When it comes to wannabe-writers and reading, Stephen King tells us there is a magic moment, and this is true (even for SEO writers). There is a single intoxicating instant that only readers are privy to, and it comes when you lay down the book, shake your head with wonder, and mutter:
“This guy SUCKS. I Can write better than this!”
It’s that moment that helps you break through writers block and become stronger in your own work. It’s that moment that lets you start blogging with confidence and allows you to promote your business in a powerfully organic way.
It’s a moment you only get to have if you read prolifically.
The fact is that writers MUST be readers. How else are you going to expand your own knowledge? Nothing grows in a vacuum. If you claim that you don’t have time to read, well, you probably don’t have time to write either.
What should you read? It’s a fair question, and my answer is everything you can get your hands on. Sure, you want to write for marketing, but don’t limit yourself to just marketing and self-help material. The 7 Habits are all good habits, they are fine habits, but you aren’t going to build a unique voice by reading that and Who Moved My Cheese. Do you really want to be just another suited chump in the airport lounge?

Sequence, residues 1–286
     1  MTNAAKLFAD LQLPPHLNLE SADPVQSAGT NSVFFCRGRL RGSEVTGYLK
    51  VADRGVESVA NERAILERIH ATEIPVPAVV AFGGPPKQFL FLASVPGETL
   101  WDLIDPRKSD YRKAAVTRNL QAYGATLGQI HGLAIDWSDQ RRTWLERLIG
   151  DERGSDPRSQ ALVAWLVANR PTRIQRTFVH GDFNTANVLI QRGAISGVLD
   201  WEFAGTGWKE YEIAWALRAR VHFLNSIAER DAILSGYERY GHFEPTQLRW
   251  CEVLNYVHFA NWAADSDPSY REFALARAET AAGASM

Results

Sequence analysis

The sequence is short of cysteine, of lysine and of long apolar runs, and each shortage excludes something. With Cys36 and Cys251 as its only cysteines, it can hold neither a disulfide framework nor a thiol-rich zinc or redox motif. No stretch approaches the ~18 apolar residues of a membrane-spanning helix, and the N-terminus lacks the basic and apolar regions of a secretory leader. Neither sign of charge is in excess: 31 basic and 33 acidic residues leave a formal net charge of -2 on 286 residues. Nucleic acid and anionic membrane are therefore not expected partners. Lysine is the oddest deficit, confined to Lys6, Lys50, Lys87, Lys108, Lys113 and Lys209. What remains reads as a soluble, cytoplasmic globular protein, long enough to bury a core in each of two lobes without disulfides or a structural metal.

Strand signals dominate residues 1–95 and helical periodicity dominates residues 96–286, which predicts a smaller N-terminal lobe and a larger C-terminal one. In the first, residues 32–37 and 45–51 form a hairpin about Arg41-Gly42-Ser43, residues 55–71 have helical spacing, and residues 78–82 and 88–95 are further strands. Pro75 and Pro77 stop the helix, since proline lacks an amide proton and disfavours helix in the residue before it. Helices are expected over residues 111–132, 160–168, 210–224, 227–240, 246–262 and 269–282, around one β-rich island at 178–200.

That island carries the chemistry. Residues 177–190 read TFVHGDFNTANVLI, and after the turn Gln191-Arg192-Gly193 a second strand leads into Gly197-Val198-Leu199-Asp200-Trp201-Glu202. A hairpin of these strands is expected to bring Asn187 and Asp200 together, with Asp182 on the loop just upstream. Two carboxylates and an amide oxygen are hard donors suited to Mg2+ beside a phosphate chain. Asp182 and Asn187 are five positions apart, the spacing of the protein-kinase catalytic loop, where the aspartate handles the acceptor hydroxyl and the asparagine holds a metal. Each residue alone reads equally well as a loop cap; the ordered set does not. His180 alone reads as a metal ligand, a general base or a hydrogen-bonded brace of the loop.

Read blogs by people in your industry. Even the bad ones. ESPECIALLY the bad ones. Read marketing books written this week and read marketing books written a decade ago. Read the biographies of pioneers in your industry, and read books about pioneers in general. Read books about aliens, ninjas and wizards. Expand your literary horizons and watch writers block fade away, replaced with a deep well of influence and allusion to draw from. You may not think Gandalf can help you with your blog about widgets, but really, there’s nothing that guy can’t do. I mean, he beat the Balrog, right?
Go read and read and read until finally you hit that moment when you KNOW you can do better.
Then, go write.
(P.S. If this blog is the one that you think sucks, please don’t tell me. We’re buddies, right?)
Check out the original post on Wikimotive’s blog titled, “This Guy Sucks: A Magic Moment” by Daniel Hinds.